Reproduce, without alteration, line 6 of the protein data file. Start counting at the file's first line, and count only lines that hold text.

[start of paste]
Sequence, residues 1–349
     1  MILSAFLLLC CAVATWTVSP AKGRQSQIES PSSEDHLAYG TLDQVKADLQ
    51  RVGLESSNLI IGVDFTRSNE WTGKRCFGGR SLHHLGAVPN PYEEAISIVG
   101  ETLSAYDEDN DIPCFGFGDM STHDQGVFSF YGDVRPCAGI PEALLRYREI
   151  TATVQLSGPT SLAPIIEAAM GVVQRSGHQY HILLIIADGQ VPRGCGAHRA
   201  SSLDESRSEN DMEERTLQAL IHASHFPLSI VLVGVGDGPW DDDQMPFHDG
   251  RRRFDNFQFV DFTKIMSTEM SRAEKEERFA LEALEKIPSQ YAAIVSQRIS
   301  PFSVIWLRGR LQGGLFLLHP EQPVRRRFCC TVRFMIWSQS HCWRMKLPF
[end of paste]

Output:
   201  SSLDESRSEN DMEERTLQAL IHASHFPLSI VLVGVGDGPW DDDQMPFHDG